I’ve already alluded to it, but there is something else gnawing at the public’s sense of well-being: the way we seem to be willing to trade liberty for security after a crisis. We complain vociferously about the indignities we suffer at the hands of the Transportation Security Administration, but the week after September 11, we were more than willing to wait eight hours to check in for a flight (I waited eight and a half hours for a flight that left on September 13), because we didn’t want to be the next plane to drop out of the sky. We were happy to have strangers rifle through our suitcases and confiscate our personal effects, because it seemed necessary at the time.
Later we complained about full-body scanners and the Patriot Act, but we easily forget how badly we wanted such things in the face of a crisis. Legislators who later decried overseas wars are loath to be reminded of how heartily they supported the original decision to engage. Some people went so far as to suggest that September 11 was a conspiracy, producing clever YouTube videos to demonstrate that a shadowy elite had carefully orchestrated the whole event as a means of consolidating power.
As with religion, we sensed that something was clearly wrong with government. We collectively sensed that there was something more going on behind the scenes than was being presented on CNN. Everybody had a theory, ranging from big oil to the Illuminati. The recent partisan debate over the debt ceiling drew heavy criticism from a public slow to trust any form of government at all.
The public is getting more nervous by the moment as our world seems to spiral out of control. We can’t control the economy, we can’t control the terrorists, we can’t control the climate,6
and we wonder when the next Haitian earthquake or Japanese tsunami is going to hit. We don’t trust religion, and we don’t trust government, and ironically, the table is being set for the granddaddy of all religio-political tyrannies. We have had enough of human suffering and inadequate solutions. We don’t know what to do with our sense of angst. We don’t know how to fill the void left in our hearts by the dismantling of faith.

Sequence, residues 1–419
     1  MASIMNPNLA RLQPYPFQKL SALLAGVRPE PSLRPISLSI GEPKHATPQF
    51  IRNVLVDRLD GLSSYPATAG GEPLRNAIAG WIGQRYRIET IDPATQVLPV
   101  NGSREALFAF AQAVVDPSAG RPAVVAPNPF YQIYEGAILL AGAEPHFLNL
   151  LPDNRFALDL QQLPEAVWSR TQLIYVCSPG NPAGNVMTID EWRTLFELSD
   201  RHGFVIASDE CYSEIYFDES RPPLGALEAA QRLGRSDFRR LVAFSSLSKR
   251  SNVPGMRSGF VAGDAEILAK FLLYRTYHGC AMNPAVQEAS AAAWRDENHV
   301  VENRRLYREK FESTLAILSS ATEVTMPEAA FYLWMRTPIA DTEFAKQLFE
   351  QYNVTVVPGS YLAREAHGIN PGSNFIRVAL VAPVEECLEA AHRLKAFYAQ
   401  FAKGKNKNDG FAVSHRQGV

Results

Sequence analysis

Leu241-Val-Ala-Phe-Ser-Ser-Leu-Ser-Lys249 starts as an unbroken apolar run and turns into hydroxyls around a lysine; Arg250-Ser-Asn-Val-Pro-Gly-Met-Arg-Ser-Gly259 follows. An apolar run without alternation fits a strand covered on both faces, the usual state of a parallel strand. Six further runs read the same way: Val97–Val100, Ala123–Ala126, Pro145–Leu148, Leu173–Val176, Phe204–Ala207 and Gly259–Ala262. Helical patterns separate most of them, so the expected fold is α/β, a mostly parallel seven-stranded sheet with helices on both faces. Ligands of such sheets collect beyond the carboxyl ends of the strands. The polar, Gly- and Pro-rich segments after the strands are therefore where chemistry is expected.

The world will cry for solutions, and a fallen angel who has waited millennia for this opportunity will provide them.
A Time of Opportunity
There has never been a better time to share our prophetic message with the world. Let the world take one more look at Jesus through the lens of the three angels’ messages before the final, overwhelming delusion hits. We complain that we cannot reach the postmodern world with the message of Jesus, as if the world is happy in its philosophical uncertainty. We take signals from general Christendom that the world is tired of hearing the traditional message of Christianity and assume that our own remnant message falls entirely into the same category—when in fact it offers the world precisely
what they need to hear from Christians at this moment. We have the ability to tap into the public’s unease and distrust and show them why
they’ve been soured on Christian faith and worldly government7
—and show them that the character of God is not at all like what they’ve been told.
The devil knows the power behind the final proclamation of God’s people; that’s why he is working so very hard to construct a counterfeit. If we do not answer people’s questions, if we do not provide the public with a framework for understanding the world’s (and personal) problems, if we do not show them Jesus, the devil will gladly show them his
And according to the Bible, he will be remarkably successful.
A Message for Our Time
There’s little question in most people’s minds that September 11 set the table for something.
As God’s remnant church, we need to assume, based on the astounding prediction of Revelation 18, that the glory of Christ will light up the globe before His return. The attack on the World Trade Center has set the table for us to finish our assignment. God has already given us every conceivable tool for speaking to the hearts of this final generation.8